TLR4 deficiency decreases atherosclerosis without affecting obesity-induced inflammation and insulin resistance in LDL receptor deficient mice. Alternative pathways may be responsible for adipose tissue macrophage infiltration and insulin resistance that occurs in obesity.
Toll-like receptor 4; insulin resistance; atherosclerosis; inflammation; diabetogenic diet
Factor VII activating protease (FSAP) activates FVII as well as pro-urokinase and inhibits platelet-derived growth factor-BB, thus regulating haemostasis- and remodeling-associated processes in the vasculature. A genetic variant of FSAP (Marburg I polymorphism) results in low enzymatic activity and is associated with an enhanced risk for carotid stenosis and stroke. We postulate that there are additional substrates for FSAP that will help to explain its role in vascular biology and have searched for such a substrate.
Results and Methods
Using screening procedures to determine the influence of FSAP on various haemostasis-related processes on endothelial cells we discovered that FSAP inhibited tissue factor pathway inhibitor (TFPI), a major anti-coagulant secreted by these cells. Proteolytic degradation of TFPI by FSAP could also be demonstrated by Western blotting and the exact cleavage sites were determined by N-terminal sequencing. The Marburg I variant of FSAP had a diminished ability to inhibit TFPI. A monoclonal antibody to FSAP, that specifically inhibited FSAP binding to TFPI, reversed the inhibitory effect of FSAP on TFPI.
The identification of TFPI as a sensitive substrate for FSAP increases our understanding of its role in regulating haemostasis and proliferative remodeling events in the vasculature.
HABP2; FSAP; Marburg I SNP; Atherosclerosis; thrombosis; TFPI
Diminished cholesterol efflux activity of apolipoprotein B (apoB)–depleted serum is associated with prevalent coronary artery disease, but its prognostic value for incident cardiovascular events is unclear. We investigated the relationship of cholesterol efflux activity with both prevalent coronary artery disease and incident development of major adverse cardiovascular events (death, myocardial infarction, or stroke).
Approach and Results
Cholesterol efflux activity from free cholesterol–enriched macrophages was measured in 2 case– control cohorts: (1) an angiographic cohort (n=1150) comprising stable subjects undergoing elective diagnostic coronary angiography and (2) an outpatient cohort (n=577). Analysis of media from cholesterol efflux assays revealed that the high-density lipoprotein fraction (1.063
Heightened cholesterol efflux to apoB-depleted serum was paradoxically associated with increased prospective risk for myocardial infarction, stroke, and death. The majority of released radiolabeled cholesterol from macrophages in cholesterol efflux activity assays does not reside within a high-density lipoprotein particle.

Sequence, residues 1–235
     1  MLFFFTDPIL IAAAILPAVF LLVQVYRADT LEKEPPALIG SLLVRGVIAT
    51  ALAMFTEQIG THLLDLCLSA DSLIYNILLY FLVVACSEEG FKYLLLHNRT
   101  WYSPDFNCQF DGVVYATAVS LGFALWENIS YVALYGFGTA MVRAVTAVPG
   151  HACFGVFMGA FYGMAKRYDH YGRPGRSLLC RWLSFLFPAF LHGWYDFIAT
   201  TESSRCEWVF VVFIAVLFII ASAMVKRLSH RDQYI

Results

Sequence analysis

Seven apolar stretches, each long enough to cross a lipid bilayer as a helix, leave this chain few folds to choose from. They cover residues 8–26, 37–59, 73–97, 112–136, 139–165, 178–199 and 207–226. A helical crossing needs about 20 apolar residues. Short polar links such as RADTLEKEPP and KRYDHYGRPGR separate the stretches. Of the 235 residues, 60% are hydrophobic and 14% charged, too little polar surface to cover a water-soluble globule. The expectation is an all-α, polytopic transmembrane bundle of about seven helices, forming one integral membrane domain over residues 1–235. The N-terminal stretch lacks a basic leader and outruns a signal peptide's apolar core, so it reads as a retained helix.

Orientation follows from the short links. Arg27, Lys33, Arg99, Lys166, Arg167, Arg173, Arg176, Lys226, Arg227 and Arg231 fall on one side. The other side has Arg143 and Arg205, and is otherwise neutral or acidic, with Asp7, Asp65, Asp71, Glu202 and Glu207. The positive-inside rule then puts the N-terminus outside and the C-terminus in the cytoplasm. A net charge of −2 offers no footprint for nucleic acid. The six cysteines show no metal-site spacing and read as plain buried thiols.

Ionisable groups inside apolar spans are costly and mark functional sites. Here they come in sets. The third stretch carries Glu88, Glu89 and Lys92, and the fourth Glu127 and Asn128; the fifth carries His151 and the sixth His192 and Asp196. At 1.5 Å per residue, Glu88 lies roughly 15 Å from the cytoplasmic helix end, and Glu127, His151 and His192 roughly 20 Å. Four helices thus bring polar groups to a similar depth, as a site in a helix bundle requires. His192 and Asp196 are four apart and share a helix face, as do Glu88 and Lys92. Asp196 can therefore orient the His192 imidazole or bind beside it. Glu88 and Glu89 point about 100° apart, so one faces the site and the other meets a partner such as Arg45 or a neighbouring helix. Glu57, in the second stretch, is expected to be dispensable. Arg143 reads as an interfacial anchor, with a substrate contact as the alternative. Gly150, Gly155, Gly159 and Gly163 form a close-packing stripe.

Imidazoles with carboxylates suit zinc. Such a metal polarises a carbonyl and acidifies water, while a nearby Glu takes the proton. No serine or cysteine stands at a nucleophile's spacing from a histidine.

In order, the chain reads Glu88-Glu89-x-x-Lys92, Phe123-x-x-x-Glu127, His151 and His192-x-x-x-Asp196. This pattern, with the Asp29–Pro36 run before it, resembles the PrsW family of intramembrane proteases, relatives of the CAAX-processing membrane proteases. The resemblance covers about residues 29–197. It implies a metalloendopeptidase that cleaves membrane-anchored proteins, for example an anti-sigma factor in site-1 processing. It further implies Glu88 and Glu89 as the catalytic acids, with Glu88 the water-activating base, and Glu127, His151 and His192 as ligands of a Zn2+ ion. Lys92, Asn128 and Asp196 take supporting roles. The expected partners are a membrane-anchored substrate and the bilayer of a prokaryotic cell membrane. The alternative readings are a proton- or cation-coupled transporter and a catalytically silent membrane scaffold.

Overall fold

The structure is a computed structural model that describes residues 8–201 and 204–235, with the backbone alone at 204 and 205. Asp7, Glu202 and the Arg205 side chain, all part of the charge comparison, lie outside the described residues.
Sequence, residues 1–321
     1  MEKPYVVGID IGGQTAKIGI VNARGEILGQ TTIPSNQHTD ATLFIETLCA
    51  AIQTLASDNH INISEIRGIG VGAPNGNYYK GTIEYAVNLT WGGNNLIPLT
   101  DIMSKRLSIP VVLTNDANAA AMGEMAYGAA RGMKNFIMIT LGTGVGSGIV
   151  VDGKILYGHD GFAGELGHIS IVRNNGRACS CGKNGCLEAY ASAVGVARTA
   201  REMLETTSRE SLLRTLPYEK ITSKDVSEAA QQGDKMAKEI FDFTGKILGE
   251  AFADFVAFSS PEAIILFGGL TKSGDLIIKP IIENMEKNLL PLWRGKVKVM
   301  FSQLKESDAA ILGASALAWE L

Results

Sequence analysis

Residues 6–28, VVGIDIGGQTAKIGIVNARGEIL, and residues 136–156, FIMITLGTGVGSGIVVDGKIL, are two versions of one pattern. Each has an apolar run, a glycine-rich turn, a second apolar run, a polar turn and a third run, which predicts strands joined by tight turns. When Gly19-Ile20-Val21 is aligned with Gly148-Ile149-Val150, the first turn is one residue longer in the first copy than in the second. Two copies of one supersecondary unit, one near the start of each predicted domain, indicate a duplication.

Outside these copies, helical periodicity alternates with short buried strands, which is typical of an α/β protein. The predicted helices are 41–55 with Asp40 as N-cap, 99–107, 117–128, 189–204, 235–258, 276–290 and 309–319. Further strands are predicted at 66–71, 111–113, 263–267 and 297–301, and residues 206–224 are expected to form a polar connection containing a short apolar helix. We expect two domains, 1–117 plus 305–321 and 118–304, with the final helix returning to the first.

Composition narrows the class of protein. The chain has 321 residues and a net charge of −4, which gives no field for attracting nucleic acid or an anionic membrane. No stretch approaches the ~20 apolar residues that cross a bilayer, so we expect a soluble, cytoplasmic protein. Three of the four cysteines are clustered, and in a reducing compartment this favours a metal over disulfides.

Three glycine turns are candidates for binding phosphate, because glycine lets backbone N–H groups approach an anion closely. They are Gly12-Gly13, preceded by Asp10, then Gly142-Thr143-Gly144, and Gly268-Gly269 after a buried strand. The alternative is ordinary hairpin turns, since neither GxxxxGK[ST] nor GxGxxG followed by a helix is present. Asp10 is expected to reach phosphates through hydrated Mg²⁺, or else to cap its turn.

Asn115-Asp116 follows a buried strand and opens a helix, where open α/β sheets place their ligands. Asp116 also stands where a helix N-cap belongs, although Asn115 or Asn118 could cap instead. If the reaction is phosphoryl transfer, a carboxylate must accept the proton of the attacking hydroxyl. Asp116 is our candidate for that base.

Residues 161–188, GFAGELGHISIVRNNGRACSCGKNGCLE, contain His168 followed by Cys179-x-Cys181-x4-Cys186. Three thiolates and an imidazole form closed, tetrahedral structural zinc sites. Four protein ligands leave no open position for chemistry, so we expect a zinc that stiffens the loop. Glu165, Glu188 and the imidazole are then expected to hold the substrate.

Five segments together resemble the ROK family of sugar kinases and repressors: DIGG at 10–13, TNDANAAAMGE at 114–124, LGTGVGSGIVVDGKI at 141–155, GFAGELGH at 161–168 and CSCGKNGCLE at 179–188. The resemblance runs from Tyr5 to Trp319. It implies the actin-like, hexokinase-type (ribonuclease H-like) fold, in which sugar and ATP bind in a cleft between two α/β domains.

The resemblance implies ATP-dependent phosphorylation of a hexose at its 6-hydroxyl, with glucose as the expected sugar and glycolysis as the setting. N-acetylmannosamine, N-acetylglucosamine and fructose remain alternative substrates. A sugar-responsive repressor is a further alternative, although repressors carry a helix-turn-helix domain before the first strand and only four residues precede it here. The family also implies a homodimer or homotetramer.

cholesterol efflux; high-density lipoprotein-cholesterol; macrophage; prognosis
Multiple biochemical, metabolic and signal transduction pathways contribute to insulin resistance. In this review, we present the evidence that the post-translational process of protein glycation may play role in insulin resistance. The post-translational modifications, the advanced glycation endproducts (AGEs), are formed and accumulate by endogenous and exogenous mechanisms.
Methods and Results
AGEs may contribute to insulin resistance by a variety of mechanisms, including generation of tumor necrosis factor-alpha, direct modification of the insulin molecule thereby leading to its impaired action, generation of oxidative stress, and impairment of mitochondrial function, as examples. AGEs may stimulate signal transduction via engagement of cellular receptors, such as RAGE, or receptor for AGE. AGE-RAGE interaction perpetuates AGE formation and cellular stress via induction of inflammation, oxidative stress and reduction in the expression and activity of the enzyme, glyoxalase I that detoxifies the AGE precursor, methylglyoxal, or MG.
Once set in motion, glycation-promoting mechanisms may stimulate ongoing AGE production and target tissue stresses that reduce insulin responsiveness. Strategies to limit AGE accumulation and action may contribute to prevention of insulin resistance and its consequences.
Advanced glycation endproducts; receptors; insulin resistance; type 2 diabetes
Results 1-25 (754)
This will clear all selections from your clipboard. Do you wish proceed?
Clipboard is full! Please remove an item and try again.